In the first half of the last century, Julia Morgan busted up the boys’ clubs in the U.S. and France, breaking down barriers that had previously limited women’s education in the field of architecture — becoming the first licensed female architect in California.

In honor of her posthumously-awarded Gold Medal from the American Institute of Architects, Architect Magazine has featured several of her 700+ projects in a ten-page cover story in this month’s issue, written by LA Times architecture critic Christopher Hawthorne. I was honored to be invited to photograph this feature, including the cover image, for one of the most prestigious magazines in the world.

The editors of Architect Magazine contacted me about photographing for this story after having published our photographs of Ehrlich Architects’ Yuma Courthouse last year. They were so impressed with the beauty and quality of light in our images, that we were their first call for this assignment. What a compliment!

My job as an architectural photographer is to interpret the projects I photograph, usually with guidance from the architect or builder themselves. For this assignment, we had to turn to an historical figure, and a giant in her field at that! It’s a great responsibility to be trusted to interpret the work of such a prominent architect, and a challenge we took very seriously.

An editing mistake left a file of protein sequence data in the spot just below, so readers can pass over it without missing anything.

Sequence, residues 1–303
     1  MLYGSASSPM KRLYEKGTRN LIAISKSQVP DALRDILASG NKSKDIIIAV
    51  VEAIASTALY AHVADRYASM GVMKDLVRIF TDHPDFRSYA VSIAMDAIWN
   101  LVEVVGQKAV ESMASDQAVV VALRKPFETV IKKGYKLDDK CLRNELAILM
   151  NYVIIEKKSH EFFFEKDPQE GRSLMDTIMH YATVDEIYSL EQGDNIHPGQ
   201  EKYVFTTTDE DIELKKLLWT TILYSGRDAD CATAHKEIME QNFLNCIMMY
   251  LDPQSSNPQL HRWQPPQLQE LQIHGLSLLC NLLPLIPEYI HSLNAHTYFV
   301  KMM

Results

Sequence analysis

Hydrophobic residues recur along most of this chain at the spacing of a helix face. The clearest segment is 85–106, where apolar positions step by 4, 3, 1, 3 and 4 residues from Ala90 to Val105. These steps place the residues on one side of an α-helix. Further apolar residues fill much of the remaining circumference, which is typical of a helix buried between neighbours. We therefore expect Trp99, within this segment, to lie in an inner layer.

The cover image is a detail of The Herald Examiner Building in Los Angeles (1914), but this story also featured our photographs of Berkeley City Club in Berkeley (1930), Hearst Memorial Gym in Berkeley (1925-27), Asilomar Conference Grounds in Pacific Grove (1913–1929), the Chinatown YMCA and residence in San Francisco (1930), Hearst Castle in San Simeon (construction began in 1919), and the Macgregor House in Berkeley (1920):

See the full article here!

It was quite a feat photographing so many projects, across California, on a beyond-tight publication deadline. The editors at Architect Magazine at first believed the story impossible to photograph in such a short period of time, but were blown away by our ability to meet their deadlines and deliver cover-quality imagery.

Not only did we provide gorgeous photographs for their cover story, we did it while making building managers and occupants happy, and were able to gain exclusive access to previously un-documented spaces.

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